• Arctic Cathedral

    The Arctic Cathedral is a landmark in Tromsø standing at the end of the bridge on the mainland. Its ‘Cathedral’ status is only a nickname, as it is actually a parish church of the Church of Noway. The architecture is quite unique and there is some debate whether it looks like an iceberg, a Sami lavvu or a fish-drying rack.

  • Sledding

    If you’re from a country that doesn’t get snow, then visiting Noway in the winter is an amazing experience. Just being in the snow gives hours of entertainment – feeling it, throwing it, catching snowflakes on your tongue, listening to the crunch under your boots… Norway is a winter play land.

  • King Crab Safari

    The red king crab is a giant crustacean native to the Alaskan coast and the Bering sea. They can grow up to two metres from claw-to-claw. Fleshy and tasty, they are considered a delicacy by many, especially in Asian countries.

  • Straumen Gård

    Traditional houses are scattered throughout Norway. Some are still lived in, some have been turned into open-air heritage museums, and others have been left to survive on their own.

  • Tyholt Tower in Trondheim

    The Tyholt Tower is the second biggest tourist attraction in Trondheim behind Nidaros Cathedral. It is a telecommunications tower and stands 120 metres high overlooking Trondheim city.

  • Byneset Church

    To the west of Trondheim, on the Byneset peninsula is a little farming village. Towards the water in a beautiful pocket of leafy oak trees is the Byneset Church.

  • Kayaking Tromsø

    A popular Summer activity in Norway is kayaking.  The coast of Norway is dotted with thousands of little islands making the perfect conditions for a smooth paddle. Tromsø is a particularly good place for a casual kayak.

  • Spike Stone

    Driving on highway E8, an hour south of Tromsø, you will come across a graffitied stone. This gigantic boulder once broke loose and rolled down from the mountain above. Nordkjosbotn is a landslide-prone area with many large and small boulders decorating the landscape, but this one stands out from the crowd.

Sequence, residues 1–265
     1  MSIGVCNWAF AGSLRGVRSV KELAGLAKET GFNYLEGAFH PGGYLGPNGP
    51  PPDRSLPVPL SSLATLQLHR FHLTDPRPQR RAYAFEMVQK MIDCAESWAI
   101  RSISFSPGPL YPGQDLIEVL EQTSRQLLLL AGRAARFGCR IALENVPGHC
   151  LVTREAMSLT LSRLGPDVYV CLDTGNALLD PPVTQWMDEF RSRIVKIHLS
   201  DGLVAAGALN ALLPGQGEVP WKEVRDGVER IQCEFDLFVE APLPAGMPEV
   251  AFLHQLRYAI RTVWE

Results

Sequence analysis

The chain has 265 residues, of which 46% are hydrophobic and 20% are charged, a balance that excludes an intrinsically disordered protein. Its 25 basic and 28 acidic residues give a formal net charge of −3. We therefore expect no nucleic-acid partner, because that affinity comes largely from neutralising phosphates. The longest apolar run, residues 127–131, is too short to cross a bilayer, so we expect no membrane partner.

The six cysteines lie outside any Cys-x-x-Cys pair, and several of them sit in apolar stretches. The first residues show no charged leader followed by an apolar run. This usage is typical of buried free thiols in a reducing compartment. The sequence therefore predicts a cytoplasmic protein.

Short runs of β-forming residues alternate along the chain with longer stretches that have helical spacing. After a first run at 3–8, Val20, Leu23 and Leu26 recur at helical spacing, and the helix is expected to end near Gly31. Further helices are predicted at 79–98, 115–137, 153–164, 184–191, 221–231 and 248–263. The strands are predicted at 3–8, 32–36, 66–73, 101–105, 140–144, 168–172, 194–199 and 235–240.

• Reindeer Racing and the Sami Easter Festival

    The Sami Easter festival has something for everyone.  Not only can you get up close and personal with the reindeer but there is a whole array of activities that showcase Sami life and culture.  The festival also includes the Reindeer Racing World Cup, the Sami Film Festival (which is held in an ice-cinema), the Sami Music Festival, better known as the Sámi Grand Prix, (the Sami equivalent to the Eurovision) and the Children’s Festival.  Throw in some Sami theatre, fashion parades, exhibitions, parties and great food, and you have a ‘Samisk’ fun time.

  • Dog Sledding in Alta

    Dog sledding is one of the must-do activities if you come to Norway in the winter. You get to ‘mush’ through some of the best winter landscapes and experience one of Norway’s top sports that was used for hunting and travel since before the Viking Age.

  • Senja Troll

    In a country full of mountains, legends of mystical creatures echo throughout the land. It seems in every valley, on every hilltop, or in every cave, there is a troll waiting to be found.

  • Rock Carvings at Tennes

    Tennes is a small town in Balsfjord with a northern view of the Lyngen Alps. Even though it is in the middle of nowhere, Tennes has somehow always been a gathering place. The Vikings would meet and trade in this area and Tennes became the administrative centre when Balsfjord was declared a municipality in 1856.

  • Season to Pick Blueberries

    I think Autumn is my favourite season in Norway – the weather is still warm here in Tromsø, the sunsets come down over the mountains again and the blueberries are ripe for the picking.

  • Reindeer Racing

    Every Easter the Sami host the World Reindeer Racing Championships. It is held at Kautokeino, a little Sami town just two hours east of Alta. Easter is a perfect time to have the event as there is plenty of snow and the sun is shining bright. (But you still have to keep moving otherwise your toes can turn into icicles.)

  • Bird Watching in Gjesvær

    Gjesvær is a little fishing village at the top of Finnmark near Nordkapp and is the only town in the county recorded in Viking literature. The area boasts having Norway’s largest sea bird colony–a perfect destination for birdwatchers.